Comfort is always in style at this Maine family retreat.
Some things are worth the effort – like Randi Williams and Dale Watchowski’s 1984 “cottage” in Ocean Point, Maine. When the couple bought the 3,000-square-foot house in 2001, it could reasonably have been considered a tear-down. “The spruce floors downstairs were so rotted that a worker went right through the floorboards,” says Williams. The roof leaked, the windows needed to be replaced, and the house was infested with carpenter ants.
Then there’s the commute. The couple and their daughter, 17-year-old Elizabeth Watchowski, live in Birmingham, Michigan, a suburb of Detroit. Most people who live near several Great Lakes and want a vacation place would just buy a lakefront home and be done with it. But having lived in York Harbor, Maine, before her marriage and spent summers since in Nantucket, Williams longed for a house by the sea. “We both wanted the vista, with lots of sailboats and cabin cruisers and the tall ships when they come in,” she says. “The view from inside the house is like being on a ship because you can’t see any land, only water.”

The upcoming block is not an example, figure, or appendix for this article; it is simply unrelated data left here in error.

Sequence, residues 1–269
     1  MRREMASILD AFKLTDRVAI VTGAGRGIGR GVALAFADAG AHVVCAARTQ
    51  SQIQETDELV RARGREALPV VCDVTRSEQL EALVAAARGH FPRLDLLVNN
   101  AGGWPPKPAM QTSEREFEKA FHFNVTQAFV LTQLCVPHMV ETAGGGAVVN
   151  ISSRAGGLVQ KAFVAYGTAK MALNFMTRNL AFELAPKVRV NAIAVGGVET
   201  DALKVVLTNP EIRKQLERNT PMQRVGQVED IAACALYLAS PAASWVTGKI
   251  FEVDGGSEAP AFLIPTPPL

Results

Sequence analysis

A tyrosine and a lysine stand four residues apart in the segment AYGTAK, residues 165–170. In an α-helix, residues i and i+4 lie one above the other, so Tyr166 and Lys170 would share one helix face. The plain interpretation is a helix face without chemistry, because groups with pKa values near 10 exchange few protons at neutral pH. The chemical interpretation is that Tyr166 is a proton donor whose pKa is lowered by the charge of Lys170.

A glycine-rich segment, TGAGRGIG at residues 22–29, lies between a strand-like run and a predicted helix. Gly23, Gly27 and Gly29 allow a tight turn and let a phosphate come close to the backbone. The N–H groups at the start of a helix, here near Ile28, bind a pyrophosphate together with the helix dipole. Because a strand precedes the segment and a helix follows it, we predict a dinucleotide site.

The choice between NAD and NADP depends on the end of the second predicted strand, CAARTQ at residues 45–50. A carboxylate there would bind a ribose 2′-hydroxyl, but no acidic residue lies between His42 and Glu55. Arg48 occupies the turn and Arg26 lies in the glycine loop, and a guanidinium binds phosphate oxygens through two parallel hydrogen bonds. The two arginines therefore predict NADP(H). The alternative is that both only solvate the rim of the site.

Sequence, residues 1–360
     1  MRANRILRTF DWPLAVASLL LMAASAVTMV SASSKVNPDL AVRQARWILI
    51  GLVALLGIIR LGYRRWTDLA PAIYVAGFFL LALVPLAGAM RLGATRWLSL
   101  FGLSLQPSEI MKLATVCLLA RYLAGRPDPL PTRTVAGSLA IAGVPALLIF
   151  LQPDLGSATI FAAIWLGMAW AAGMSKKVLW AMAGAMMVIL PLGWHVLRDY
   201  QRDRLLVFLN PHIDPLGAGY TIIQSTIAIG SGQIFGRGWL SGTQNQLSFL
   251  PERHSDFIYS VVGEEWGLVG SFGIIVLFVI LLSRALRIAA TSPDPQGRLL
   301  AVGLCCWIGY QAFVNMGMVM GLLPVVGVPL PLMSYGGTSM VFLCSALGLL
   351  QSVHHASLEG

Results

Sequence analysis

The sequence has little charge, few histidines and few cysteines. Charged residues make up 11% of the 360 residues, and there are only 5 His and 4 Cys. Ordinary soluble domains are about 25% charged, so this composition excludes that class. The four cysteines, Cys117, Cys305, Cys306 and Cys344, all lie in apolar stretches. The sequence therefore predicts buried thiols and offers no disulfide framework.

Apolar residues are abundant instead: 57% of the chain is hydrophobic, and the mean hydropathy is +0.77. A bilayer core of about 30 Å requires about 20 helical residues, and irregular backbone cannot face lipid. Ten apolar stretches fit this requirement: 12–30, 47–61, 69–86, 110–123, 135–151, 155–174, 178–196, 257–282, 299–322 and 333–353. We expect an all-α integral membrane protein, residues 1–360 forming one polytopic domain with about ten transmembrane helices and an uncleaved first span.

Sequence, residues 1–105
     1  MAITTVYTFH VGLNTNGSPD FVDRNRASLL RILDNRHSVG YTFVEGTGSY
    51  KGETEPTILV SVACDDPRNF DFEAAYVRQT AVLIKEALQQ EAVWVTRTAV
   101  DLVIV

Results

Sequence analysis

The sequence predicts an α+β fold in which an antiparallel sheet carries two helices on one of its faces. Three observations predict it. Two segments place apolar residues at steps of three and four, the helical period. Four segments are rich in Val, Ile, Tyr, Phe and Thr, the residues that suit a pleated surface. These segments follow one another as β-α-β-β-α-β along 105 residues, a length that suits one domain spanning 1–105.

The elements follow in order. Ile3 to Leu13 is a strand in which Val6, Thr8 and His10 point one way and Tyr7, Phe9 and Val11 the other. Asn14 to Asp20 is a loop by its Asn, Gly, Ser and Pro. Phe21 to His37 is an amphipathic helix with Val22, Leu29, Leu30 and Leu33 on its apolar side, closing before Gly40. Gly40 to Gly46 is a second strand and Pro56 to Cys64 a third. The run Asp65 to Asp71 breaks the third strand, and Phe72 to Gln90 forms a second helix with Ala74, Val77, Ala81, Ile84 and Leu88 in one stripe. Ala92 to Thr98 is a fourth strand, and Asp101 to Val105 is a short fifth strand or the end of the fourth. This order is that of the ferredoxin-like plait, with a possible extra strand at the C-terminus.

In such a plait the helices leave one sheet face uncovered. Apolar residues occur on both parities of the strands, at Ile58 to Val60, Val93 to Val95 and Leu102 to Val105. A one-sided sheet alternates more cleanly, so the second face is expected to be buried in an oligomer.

The renovation took more than two years, in part because the house isn’t winterized, so the work proceeded seasonally, and in part because Williams, who did both the interior design and decorating (she’s a graphic designer; Watchowski works in commercial real estate), was managing the project by computer most of the time. She had workers take down a couple of walls and move some things around, but didn’t add any new construction. “The original design was functional but didn’t really capitalize on the wide-open view of the water,” she says.
For the decor, she combed area antique shops and supplemented her finds with furniture and linens from “comfort” catalogs like Pottery Barn and Crate & Barrel. She painted both the inside and outside of the house Martha Stewart French Ivory white. “I call it a ‘fugitive’ white because it reflects sunrises and sunsets and the color of whatever’s in the room,” she says.
The couple call the house, and the 36-foot Hinckley picnic boat they keep there, the Happy Clam. “It’s a house that everybody goes to to be happy,” says Williams. “The whole place just has good vibes.”
Elizabeth Gehrman writes the On the Block column for the Globe Magazine. Send comments to email@example.com.